The game of baseball is all about getting out of the box quickly and reaching max speed as fast as you can. When getting out of the box, you need to run as hard as you can for the first 15 yards. If you are slow over the first 15 yards, it is nearly impossible to make up time toward the end of a run. Baseball is a game of inches, so if you can take a tenth of a second off the first 15 yards of a run, it will make a huge difference at the end, Think about how many bang-bang plays you were involved in last season. How often did you start slow and try to accelerate when the fielder bobbled the ball? How often were you safe? If you consistently get out of the box quickly and run as hard as you can for the first 15 yards, you can significantly improve your on-base percentage.
I have recorded times from home to first and from base to base in game situations for over 15 years. The average RHB, when he runs “all out” gets to first base in 4.35 sec. LHBs run it in 4.32 sec. For the past five years, I have been getting splits from home to half-way to first base (15 yards) and from half way to first base. The average player runs the first 15 yards in 2.57 sec and the last 15 yards in 1.70 sec (total = 4.35 sec). The fastest player, Michael Bourn, runs the first half in 2.39 sec and the second half in 1.46 sec (total = 3.85 sec.). Approximately 95% of his infield hits last season were bang-bang plays in which he got to first in 3.91 to 4.01 sec. The slowest player, Prince Fielder, runs the first half in 2.91 sec and the second half in 1.85 sec (total time = 4.76 sec).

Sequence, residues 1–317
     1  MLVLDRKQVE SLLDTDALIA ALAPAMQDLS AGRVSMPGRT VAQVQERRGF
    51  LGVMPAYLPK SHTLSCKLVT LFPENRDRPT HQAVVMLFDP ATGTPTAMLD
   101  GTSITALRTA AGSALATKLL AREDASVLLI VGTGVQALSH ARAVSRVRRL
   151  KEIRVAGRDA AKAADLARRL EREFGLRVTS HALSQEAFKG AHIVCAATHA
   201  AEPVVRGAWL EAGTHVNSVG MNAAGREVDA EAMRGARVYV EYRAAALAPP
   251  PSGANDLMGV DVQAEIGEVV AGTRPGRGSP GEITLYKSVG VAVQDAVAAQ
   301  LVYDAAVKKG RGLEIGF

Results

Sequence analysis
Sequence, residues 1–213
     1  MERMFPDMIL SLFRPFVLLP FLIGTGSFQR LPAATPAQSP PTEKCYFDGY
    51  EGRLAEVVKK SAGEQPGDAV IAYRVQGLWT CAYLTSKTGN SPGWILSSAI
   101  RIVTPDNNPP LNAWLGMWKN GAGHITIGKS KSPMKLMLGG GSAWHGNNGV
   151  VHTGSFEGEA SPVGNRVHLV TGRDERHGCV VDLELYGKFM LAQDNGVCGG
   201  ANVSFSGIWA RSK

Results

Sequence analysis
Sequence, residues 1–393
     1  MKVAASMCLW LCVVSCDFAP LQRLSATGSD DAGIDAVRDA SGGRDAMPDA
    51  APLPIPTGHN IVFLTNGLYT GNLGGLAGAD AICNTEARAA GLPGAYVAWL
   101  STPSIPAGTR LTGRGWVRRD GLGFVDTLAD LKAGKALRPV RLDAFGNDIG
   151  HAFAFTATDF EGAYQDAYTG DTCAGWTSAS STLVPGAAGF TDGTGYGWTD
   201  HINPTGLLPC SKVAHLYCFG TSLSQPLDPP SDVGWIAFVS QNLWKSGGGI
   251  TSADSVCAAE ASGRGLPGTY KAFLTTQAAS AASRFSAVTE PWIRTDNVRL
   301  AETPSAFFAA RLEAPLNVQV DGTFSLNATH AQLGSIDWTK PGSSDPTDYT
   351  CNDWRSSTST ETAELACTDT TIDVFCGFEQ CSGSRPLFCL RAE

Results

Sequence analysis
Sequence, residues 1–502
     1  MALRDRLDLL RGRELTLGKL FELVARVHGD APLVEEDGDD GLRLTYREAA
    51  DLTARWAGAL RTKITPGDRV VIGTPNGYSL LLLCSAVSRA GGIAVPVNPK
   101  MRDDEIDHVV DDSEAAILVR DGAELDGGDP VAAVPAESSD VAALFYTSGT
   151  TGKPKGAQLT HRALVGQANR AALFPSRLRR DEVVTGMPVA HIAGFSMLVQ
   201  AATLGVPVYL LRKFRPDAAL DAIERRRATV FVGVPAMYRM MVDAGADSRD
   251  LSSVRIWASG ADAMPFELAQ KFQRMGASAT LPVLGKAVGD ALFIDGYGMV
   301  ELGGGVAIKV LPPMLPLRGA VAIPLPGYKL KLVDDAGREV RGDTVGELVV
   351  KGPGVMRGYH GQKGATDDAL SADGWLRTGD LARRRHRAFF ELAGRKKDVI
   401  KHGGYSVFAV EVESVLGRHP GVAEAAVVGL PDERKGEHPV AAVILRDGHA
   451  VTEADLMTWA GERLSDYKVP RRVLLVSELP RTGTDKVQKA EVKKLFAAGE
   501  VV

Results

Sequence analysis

Now let’s talk about why the first 15 yards are so important. Let’s assume that Michael Bourn hits a ground ball and, because he thinks he will be out, doesn’t run hard out of the box. Let’s say that he drops his head and runs the first half at 85% of max speed (2.75 sec). Most runs to first base in game situations are at 85% of max speed. Now what happens if the player drops the ball and Michael tries to accelerate over the last 15 yards? His best time over the last 15 yards is 1.46 sec. He can’t run faster than
1.46 over the last 15 yards, no matter how hard he tries. If you add 1.46 sec to his slow start (1.46 sec + 2.75 sec), he will get to first in 4.21 sec. If the fielder doesn’t throw the ball away, he will be out! Why? Because his bang-bang plays take 4.01 sec or less and he ran 4.21.
If you break hard out of the box and the infielder misplays the ball, you can continue to run hard and have a good chance of being safe. If he makes a good play, you can slow down over the last 15 yards if you need to. If you are slow out of the box and then try to kick it in, you have almost no chance of being safe.
You can run the first 15 yards fast and improve your chances of being safe on a bobbled ball, or you can run the last 15 yards all out and still be out. Either way, you are going to run hard for 15 yards. Why not make it the first 15 yards and improve your odds? You can be on base with a chance to score or be in the dugout out kicking yourself for giving up an out.
Gene Coleman, Ed. D., CSCS*R, FACSM